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National Volatile Organic Compound Emission Standards for Aerosol Coatings

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Information about this document as published in the Federal Register.

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Start Preamble

AGENCY:

Environmental Protection Agency (EPA).

ACTION:

Direct final rule.

SUMMARY:

EPA is taking direct final action to amend the National Volatile Organic Compound Emission Standards for Aerosol Coatings final rule, which is a rule that establishes national reactivity-based emission standards for the aerosol coatings category (aerosol spray paints) under the Clean Air Act, published elsewhere in this Federal Register. This direct final action clarifies and amends certain explanatory and regulatory text in the Aerosol Coatings final rule, as the final rule contains misstatements and possibly confusing language on how compounds are added to the list in Tables 2A, 2B or 2C—Reactivity Factors, and when distributors and retailers are regulated entities responsible for compliance with the final rule.

DATES:

This direct final rule is effective on June 23, 2008, without further notice, unless EPA receives adverse comment by April 23, 2008, or May 8, 2008, if a public hearing is held. If EPA receives adverse comment, we will publish a timely withdrawal in the Federal Register informing the public that some or all of the amendments in the final rule will not take effect.

Comments. Written comments must be received by April 23, 2008, unless a public hearing is requested by April 3, 2008. If a hearing is requested, written comments must be received by May 8, 2008.

Public Hearing. If anyone contacts EPA requesting to speak at a public hearing concerning the proposed regulation by April 3, 2008, we will hold a public hearing on April 8, 2008.

ADDRESSES:

Comments. Submit your comments, identified under Docket ID No. EPA-HQ-OAR-2006-0971 by one of the following methods:

  • www.regulations.gov. Follow the online instructions for submitting comments.
  • E-mail: a-and-r-docket@epa.gov
  • Fax: (202)-566-9744
  • Mail: National Volatile Organic Compound Emission Standards for Aerosol Coatings, Environmental Protection Agency, Mail Code: 2822T, 1200 Pennsylvania Avenue, NW., Washington, DC 20460. Please include two copies.
  • Hand Delivery: EPA Docket Center, 1301 Constitution Avenue, NW., EPA Headquarters Library, Room 3334, EPA West Building, Washington, DC 20460. Such deliveries are only accepted during the Docket's normal hours of operation, and special arrangements should be made for deliveries of boxed information.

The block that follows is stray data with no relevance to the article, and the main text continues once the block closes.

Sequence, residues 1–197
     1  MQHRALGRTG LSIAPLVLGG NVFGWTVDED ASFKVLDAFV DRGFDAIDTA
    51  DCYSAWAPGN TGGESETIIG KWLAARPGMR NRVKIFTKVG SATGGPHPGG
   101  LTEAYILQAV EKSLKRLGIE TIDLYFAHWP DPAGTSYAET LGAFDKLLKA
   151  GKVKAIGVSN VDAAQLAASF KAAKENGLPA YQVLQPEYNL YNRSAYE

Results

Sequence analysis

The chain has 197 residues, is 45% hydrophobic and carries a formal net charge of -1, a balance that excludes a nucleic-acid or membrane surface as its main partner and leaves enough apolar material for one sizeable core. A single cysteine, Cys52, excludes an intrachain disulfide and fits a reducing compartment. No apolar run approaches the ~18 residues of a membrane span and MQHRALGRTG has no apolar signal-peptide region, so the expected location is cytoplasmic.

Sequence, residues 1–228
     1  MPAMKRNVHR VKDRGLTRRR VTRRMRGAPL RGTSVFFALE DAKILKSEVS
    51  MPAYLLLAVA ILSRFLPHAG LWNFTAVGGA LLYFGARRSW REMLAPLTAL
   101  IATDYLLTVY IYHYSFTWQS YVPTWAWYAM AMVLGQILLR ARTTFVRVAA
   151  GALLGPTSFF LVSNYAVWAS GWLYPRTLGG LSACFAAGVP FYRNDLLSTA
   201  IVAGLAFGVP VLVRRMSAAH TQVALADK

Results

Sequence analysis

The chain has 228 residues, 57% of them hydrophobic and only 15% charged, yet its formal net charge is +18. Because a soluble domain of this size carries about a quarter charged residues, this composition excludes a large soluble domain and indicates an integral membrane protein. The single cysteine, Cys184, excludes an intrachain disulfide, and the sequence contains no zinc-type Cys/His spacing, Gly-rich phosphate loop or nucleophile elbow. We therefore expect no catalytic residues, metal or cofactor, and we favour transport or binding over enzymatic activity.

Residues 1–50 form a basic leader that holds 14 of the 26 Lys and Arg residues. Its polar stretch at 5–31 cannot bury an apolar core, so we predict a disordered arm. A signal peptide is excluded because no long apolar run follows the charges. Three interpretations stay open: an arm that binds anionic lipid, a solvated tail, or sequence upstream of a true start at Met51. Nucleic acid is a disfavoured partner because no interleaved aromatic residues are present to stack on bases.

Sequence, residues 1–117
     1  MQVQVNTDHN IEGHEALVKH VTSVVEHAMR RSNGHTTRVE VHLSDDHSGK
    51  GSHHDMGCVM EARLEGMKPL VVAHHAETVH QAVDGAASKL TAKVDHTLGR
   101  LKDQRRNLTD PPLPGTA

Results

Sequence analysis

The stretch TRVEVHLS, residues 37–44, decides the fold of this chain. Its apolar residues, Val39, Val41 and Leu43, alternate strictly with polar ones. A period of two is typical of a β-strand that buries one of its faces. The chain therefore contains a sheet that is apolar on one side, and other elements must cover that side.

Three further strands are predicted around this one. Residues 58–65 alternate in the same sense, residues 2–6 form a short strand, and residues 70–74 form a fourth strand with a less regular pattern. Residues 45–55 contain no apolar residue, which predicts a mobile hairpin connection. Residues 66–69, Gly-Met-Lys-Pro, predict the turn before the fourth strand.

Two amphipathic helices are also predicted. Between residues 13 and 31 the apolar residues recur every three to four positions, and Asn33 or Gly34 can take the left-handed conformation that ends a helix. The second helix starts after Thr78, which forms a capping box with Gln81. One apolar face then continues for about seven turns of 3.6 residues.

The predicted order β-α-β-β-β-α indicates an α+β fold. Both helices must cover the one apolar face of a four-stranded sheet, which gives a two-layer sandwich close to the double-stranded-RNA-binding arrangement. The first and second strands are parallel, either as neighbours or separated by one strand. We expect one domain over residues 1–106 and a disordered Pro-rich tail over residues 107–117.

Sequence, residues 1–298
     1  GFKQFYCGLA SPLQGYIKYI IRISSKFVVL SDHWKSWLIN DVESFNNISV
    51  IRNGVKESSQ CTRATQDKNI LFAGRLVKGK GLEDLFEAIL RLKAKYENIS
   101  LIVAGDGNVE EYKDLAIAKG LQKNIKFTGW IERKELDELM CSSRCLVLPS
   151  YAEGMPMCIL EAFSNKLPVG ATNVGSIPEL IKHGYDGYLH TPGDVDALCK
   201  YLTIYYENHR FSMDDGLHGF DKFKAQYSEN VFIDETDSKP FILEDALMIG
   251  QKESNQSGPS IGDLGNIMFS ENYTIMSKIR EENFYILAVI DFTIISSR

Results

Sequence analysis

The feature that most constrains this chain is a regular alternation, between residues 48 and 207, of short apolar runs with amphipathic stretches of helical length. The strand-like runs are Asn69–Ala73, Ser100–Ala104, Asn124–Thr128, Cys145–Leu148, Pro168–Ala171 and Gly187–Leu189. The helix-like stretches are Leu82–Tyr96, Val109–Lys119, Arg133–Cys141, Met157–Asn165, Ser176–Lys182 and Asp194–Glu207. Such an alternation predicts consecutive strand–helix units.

Instructions: Direct your comments to Docket ID No. EPA-HQ-OAR-2006-Start Printed Page 154220971. The EPA's policy is that all comments received will be included in the public docket without change and may be made available online at www.regulations.gov, including any personal information provided, unless the comment includes information claimed to be Confidential Business Information (CBI) or other information whose disclosure is restricted by statute. Do not submit information that you consider to be CBI or otherwise protected through www.regulations.gov or e-mail. The www.regulations.gov Web site is an “anonymous access” system, which means EPA will not know your identity or contact information unless you provide it in the body of your comment. If you send an e-mail comment directly to EPA without going through www.regulations.gov, your e-mail address will be automatically captured and included as part of the comment that is placed in the public docket and made available on the Internet. If you submit an electronic comment, EPA recommends that you include your name and other contact information in the body of your comment and with any disk or CD-ROM you submit. If EPA cannot read your comment due to technical difficulties and cannot contact you for clarification, EPA may not be able to consider your comment. Electronic files should avoid the use of special characters, any form of encryption, and be free of any defects or viruses. For additional information about EPA's public docket, visit the EPA Docket Center homepage at http://www.epa.gov/​epahome/​dockets.htm.

Docket: All documents in the docket are listed in the www.regulations.gov index. Although listed in the index, some information is not publicly available, e.g., CBI or other information whose disclosure is restricted by statute. Certain other material, such as copyrighted material, will be publicly available only in hard copy. Publicly available docket materials are available either electronically in www.regulations.gov or in hard copy at the National Volatile Organic Compound Emission Standards for Aerosol Coatings, EPA/DC, EPA West Building, EPA Headquarters Library, Room 3334, 1301 Constitution Ave., NW., Washington, DC. The Public Reading Room is open from 8:30 a.m. to 4:30 p.m., Monday through Friday, excluding legal holidays. The telephone number for the Public Reading Room is (202) 566-1744, and the telephone number for the Air Docket is (202) 566-1742.